There is no biblical or theological justification for a ‘religious exemption’ from vaccination.
Category Archives: Theology
“Mensch, du bist nicht von dir selbst entsprungen, sondern von dem ewigen und allmächtigen Gott…” — Johannes Tauler
“My plea is simply this: every theological idea which makes an impression upon you must be regarded as a challenge to your faith. Do not assume as a matter of course that you believe whatever impresses you theologically and enlightens you intellectually. Otherwise suddenly you are believing no longer in Jesus Christ, but in Luther, or in one of your other theological teachers.” — Helmut Thielicke — (Via Leo Percer)
Take that seriously.
Christian twitter and facebook are 9 times more likely to ‘retweet’ and ‘like’ a non-theological post than they are to retweet or like a theological post. #FactsOfLife
Need proof? Post a cute kid pic or funny meme and then a little later post a theological quotation or observation or even a verse of Scripture and see which one Christian twitter / facebook shares…
Sitting at his table,
The doctor [Luther] took his son on his lap, and the child befouled him. Thereupon he [Luther] said, “How our Lord God has to put up with many a murmur and stink from us, worse than a mother must endure from her child!”
Luther’s greatness lay in the fact that everything was theologically instructive for him. Everything. Would that a generation of theologians would rise up today who actually, like Luther, thought theologically!
“In the last resort I do not trust any theological teacher—except perhaps a professional in exegesis or history—who has not spent a long time as a pastor, visited the old and sick, buried children and young people and had to preach to the congregation every Sunday.” – Dietrich Ritschl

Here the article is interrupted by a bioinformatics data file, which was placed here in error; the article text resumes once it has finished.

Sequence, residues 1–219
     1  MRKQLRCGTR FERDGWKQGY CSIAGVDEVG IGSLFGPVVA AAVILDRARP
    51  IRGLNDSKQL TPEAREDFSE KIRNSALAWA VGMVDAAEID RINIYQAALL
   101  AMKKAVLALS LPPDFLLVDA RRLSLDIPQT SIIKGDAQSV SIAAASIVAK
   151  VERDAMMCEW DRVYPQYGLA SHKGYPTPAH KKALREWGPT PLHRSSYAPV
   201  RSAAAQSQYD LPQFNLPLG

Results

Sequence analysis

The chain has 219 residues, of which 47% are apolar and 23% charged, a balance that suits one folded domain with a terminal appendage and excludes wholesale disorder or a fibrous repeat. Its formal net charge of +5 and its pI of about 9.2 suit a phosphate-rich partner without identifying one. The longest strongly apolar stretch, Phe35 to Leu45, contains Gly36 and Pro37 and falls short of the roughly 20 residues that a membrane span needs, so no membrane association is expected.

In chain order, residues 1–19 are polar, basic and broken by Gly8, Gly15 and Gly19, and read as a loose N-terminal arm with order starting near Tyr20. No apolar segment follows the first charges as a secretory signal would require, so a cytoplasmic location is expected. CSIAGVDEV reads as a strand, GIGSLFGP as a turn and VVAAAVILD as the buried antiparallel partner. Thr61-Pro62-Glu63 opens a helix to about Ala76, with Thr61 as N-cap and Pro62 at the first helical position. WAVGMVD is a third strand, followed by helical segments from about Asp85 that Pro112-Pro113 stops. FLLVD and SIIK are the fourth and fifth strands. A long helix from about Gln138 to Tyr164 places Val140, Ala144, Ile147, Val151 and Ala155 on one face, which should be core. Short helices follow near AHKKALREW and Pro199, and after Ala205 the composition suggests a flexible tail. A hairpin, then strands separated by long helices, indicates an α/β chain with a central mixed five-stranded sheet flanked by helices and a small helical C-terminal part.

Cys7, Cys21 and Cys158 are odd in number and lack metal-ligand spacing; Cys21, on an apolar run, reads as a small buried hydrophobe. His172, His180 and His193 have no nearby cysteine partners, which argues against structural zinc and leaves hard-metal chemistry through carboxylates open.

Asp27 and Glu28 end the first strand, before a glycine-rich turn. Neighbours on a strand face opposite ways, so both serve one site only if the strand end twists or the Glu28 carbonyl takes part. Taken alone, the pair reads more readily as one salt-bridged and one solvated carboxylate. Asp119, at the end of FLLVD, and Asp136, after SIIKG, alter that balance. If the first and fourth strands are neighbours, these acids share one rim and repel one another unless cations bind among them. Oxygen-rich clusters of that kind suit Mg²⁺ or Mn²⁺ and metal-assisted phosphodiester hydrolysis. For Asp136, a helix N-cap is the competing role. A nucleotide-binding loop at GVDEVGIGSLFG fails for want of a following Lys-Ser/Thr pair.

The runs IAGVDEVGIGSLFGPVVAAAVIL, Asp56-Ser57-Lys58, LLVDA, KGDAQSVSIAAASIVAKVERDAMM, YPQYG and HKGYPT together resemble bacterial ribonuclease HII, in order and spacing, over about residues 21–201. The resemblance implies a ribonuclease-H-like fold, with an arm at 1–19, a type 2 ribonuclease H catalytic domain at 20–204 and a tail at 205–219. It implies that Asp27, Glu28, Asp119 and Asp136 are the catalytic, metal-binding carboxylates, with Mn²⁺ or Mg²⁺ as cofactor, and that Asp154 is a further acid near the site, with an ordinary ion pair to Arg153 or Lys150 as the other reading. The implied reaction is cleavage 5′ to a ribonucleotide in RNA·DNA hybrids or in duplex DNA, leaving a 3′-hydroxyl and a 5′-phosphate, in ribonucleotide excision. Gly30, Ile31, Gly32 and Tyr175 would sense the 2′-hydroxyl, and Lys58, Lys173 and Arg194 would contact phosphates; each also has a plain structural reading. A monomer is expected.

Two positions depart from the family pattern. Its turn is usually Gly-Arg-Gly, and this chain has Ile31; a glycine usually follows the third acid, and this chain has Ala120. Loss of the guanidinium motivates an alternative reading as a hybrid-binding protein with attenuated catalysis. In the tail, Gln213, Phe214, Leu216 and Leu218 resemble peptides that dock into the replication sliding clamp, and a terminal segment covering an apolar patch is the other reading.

Indeed, because such ‘theologians’ are Monday morning quarterbacks at best.
I’ve been thinking about the events in American history that we are constantly told we should remember. ‘Remember the Alamo.’ ‘Remember Pearl Harbor’. ‘Remember 9/11’. And I’ve been wondering exactly why it is that we should do so.
The answer, generally, is ‘so that it never happens again’. So what never happens again? An attack? How, pray tell, will our remembering inhibit or stop an attack? ‘We can be prepared’. Really? We were prepared for the Alamo and it didn’t do us much good. We had some hints of Pearl Harbor but of course that didn’t matter. We even had intimations of 9/11 when terrorists attempted to blow up the world trade center a decade earlier. But none of that prepared us for any of those events, did it.
No, I think the reason America wants to remember events like those is so that we can hold on to our mistrust or even hatred of Mexicans, or Japanese, or Muslims. And, by the way, why don’t we want to remember the slaughter of Native Americans? The trail of tears? The internment of Japanese Americans during world war 2? Why don’t we want to remember those? Because we weren’t victims. Others were. We want to remember our victimhood and our prejudice.
The funny thing is that the Bible only asks us to remember two things: The Passover, and the Last Supper. The only time Jesus ever says ‘remember’ is when he says ‘remember me as often as you eat it…’. When it comes to remembering terrible things it explicitly says that God ‘remembers our sins no more’.
So why do we want to remember terrible things? We can’t prevent other terrible things by doing so. I think, again, that we do it so that we can justify our prejudices. Against Mexicans, Japanese, Muslims, or whoever wrongs us. Never mind the wrong we do…
We’re a people in contradiction. We are Menschen im Widerspruch. And we will always be such, until we ‘remember their sins no more.’